The MSPCA strongly urges owners to appropriately supervise their dog’s outdoor activity by physical confinement and/or by walking the dog on a leash. There are many reasons for this, including concern for the health and safety of the pet, humans, other domestic animals and wildlife, as well as to prevent nuisance complaints and unintended breeding.
Invisible pet containment systems are designed to confine dogs to a defined area without the use of traditional fence structures. They are marketed as less expensive and easier to install than traditional fences. As a result, they are often chosen for aesthetic or financial reasons or to comply with zoning restrictions. However, the MSPCA has concerns that invisible pet containment systems are not always adequate nor are they the most appropriate restraining device for dogs.
Invisible pet containment systems vary widely. The most common system consists of three components. The first is a wire that is buried a few inches in the ground around the perimeter of the area where the dog is to be confined. This wire is attached to a radio transmitter that operates on 110 volt AC current and transmits a radio signal through the wire. A radio signal receiver is attached to a collar worn by the dog. This receiver is operated by a small battery and picks up the radio signal from the buried wire at a predetermined distance from the wire. When the signal is received, it first activates an audible warning tone. If the dog disregards the tone and does not move back within a few seconds, the dog receives a shock from the transmitter. Usually, the distance between the wire and the radio signal receiver on the collar can be adjusted. The strength of the shock varies among manufacturers.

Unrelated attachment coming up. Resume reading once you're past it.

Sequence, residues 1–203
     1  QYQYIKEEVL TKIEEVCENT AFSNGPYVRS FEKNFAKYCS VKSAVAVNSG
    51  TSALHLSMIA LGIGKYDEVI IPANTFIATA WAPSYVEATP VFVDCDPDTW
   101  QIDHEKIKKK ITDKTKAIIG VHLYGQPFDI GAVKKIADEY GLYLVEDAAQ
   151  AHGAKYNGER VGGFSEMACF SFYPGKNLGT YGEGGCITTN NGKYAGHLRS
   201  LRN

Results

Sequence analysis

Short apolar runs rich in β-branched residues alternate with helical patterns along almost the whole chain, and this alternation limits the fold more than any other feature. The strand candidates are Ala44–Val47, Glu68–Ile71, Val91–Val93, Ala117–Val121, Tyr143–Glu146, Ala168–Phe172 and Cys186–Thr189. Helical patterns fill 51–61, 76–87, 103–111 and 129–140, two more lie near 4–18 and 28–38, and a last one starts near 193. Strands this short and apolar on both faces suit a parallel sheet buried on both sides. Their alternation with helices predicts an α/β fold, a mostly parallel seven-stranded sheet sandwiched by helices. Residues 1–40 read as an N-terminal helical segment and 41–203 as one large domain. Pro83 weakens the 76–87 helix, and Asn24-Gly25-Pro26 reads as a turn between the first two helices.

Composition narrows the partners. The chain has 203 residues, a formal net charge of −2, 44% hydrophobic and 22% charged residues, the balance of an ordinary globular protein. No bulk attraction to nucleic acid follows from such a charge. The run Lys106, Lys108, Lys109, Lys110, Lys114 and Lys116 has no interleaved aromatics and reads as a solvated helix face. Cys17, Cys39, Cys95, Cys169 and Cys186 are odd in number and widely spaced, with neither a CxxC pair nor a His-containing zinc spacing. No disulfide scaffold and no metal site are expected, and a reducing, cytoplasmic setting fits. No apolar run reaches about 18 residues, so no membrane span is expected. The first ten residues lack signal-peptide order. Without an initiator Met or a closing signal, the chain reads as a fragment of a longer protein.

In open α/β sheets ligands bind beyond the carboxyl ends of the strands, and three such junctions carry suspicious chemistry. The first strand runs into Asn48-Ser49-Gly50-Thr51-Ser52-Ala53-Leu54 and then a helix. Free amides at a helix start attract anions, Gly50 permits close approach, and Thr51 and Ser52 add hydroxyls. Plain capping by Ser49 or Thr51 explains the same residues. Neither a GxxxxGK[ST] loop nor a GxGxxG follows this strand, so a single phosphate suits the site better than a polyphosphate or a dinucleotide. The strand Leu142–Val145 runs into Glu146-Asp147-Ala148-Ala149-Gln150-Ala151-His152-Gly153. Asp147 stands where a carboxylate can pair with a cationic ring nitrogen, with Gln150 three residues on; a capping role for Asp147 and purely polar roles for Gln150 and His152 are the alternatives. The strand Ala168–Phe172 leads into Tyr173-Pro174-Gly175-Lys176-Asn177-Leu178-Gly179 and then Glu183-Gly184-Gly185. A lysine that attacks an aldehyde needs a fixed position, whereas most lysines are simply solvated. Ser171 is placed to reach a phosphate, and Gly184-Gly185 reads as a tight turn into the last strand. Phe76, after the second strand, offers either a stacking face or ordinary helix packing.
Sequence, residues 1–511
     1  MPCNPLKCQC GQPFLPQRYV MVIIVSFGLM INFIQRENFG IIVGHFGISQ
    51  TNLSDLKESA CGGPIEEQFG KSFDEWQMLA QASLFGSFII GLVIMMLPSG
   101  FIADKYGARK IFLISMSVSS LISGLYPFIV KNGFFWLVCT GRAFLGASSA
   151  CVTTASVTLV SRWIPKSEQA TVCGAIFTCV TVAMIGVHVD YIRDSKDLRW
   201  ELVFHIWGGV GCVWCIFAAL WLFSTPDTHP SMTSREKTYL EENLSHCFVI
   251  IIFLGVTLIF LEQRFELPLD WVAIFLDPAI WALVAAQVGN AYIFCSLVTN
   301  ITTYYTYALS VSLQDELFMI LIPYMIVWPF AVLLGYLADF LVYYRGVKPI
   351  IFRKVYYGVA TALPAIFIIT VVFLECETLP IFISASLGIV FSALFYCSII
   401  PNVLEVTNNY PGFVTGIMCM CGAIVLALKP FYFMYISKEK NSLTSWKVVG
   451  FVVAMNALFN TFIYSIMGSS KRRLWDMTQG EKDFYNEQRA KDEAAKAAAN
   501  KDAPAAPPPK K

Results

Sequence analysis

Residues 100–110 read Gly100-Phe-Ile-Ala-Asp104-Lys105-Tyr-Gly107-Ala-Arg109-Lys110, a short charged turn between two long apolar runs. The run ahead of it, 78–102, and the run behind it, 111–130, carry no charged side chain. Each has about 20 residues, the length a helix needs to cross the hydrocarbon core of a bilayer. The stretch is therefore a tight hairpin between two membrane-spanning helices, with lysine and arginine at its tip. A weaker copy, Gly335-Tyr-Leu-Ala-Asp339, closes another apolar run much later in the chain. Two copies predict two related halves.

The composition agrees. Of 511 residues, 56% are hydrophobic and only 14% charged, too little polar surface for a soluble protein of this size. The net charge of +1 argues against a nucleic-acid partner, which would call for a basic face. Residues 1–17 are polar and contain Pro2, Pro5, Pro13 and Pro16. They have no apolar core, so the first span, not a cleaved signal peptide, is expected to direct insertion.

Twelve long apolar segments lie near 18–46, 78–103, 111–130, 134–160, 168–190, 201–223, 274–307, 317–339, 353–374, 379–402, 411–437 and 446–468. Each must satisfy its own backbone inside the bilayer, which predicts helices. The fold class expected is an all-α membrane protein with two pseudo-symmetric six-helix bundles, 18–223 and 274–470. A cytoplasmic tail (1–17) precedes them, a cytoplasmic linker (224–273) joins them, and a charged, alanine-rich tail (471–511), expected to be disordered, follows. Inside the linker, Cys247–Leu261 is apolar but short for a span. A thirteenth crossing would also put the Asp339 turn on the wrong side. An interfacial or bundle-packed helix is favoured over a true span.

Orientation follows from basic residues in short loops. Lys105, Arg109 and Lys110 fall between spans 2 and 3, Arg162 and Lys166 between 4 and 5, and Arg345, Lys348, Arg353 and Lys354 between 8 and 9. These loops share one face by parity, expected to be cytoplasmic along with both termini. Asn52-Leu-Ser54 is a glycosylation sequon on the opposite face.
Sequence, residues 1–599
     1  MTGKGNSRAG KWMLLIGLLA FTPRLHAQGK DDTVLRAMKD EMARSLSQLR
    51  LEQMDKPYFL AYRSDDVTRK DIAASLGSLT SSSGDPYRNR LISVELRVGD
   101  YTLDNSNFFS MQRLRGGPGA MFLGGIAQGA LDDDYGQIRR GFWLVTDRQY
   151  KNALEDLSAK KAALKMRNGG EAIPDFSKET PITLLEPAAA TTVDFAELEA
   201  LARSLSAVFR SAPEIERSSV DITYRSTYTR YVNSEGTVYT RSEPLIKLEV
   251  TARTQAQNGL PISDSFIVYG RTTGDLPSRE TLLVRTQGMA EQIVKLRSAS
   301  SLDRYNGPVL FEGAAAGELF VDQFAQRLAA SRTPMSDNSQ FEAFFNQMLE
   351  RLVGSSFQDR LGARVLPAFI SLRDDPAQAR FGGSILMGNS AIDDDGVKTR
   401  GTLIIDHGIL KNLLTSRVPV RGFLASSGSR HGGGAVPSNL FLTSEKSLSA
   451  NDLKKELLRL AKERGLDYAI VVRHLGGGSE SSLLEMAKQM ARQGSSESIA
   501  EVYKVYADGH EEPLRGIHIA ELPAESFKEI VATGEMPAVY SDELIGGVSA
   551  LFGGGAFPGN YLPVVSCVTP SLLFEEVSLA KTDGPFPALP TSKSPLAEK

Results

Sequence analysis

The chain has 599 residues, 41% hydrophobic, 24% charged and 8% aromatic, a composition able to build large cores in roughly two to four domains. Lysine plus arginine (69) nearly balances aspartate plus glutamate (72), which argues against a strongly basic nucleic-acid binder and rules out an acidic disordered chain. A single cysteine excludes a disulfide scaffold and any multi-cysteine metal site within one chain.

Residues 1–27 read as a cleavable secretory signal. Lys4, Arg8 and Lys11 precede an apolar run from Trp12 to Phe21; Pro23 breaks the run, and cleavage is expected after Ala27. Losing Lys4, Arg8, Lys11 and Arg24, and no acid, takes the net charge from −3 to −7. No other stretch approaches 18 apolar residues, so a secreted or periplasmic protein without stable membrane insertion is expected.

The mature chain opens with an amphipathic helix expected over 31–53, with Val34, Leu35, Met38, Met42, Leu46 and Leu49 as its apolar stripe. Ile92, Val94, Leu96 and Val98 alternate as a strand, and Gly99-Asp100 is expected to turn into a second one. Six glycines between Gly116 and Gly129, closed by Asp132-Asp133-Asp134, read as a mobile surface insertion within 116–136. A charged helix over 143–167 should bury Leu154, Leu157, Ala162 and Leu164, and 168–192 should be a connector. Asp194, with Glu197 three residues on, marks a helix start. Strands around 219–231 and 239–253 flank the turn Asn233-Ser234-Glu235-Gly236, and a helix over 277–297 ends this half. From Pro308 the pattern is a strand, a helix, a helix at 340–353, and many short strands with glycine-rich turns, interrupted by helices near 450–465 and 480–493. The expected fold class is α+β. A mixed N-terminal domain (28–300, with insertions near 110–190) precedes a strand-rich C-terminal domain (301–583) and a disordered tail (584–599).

Other systems are completely wireless using a radio transmitter only. There are also solar powered units. In addition, at least one company markets a shock-less system with a collar that, upon the dog entering the perimeter zone, emits a small spray of citronella under the dog’s nose to act as the aversive consequence.
All of these pet containment systems work by delivering an aversive signal (warning tone, shock or citronella spray) when the dog wearing the collar approaches a preset boundary. The animal must learn to avoid the correction by staying away from the boundary and, therefore, remain in the defined area.
Although many pet owners report that invisible pet containment systems have been successful in restricting their dogs to a desired area, the MSPCA has several concerns about their use. These concerns are:
1. Significant training is required to insure that these systems will work as effectively and humanely as possible. Many companies do not offer appropriate customer support and training. Trainers that work for fence companies are not dog behaviorists, and are unlikely to have the ability to assess a potential fearful or aggressive reaction that a dog might have to the shock.
2. The training process can be stressful and sometimes painful for the dog. If appropriate training methods are not applied, some dogs can be significantly traumatized and distressed from the experience.
3. Even after appropriate training, a dog may at times be highly motivated cross the barrier, such as in pursuit of prey species, a dog in heat, or a stranger or other animal visible from the property. Dogs may temporarily forget their training and receive a correction while crossing through the invisible boundary, therefore risking danger or injury. In addition, once dogs have been motivated to cross the barrier in this manner, they will be unlikely to cross back through the boundary (and sustain yet another correction) to return to the yard.
4. Because these systems lack visual barriers, it is possible for children and adults to unintentionally wander into the dog’s boundary area. If a confined dog has a strong sense of territoriality, the dog may react aggressively to this intrusion. These fences also do nothing to keep other animals (domestic or wildlife) out of the area. As a result, free-roaming animals may enter the area, confront and possibly injure or breed with an animal confined in an invisible pet containment system.
Because of these deficiencies, the MSPCA believes that such pet containment systems are inadequate to meet the full range of requirements for complete and safe restraint, and therefore discourages their use in most instances.
Revised December 2009.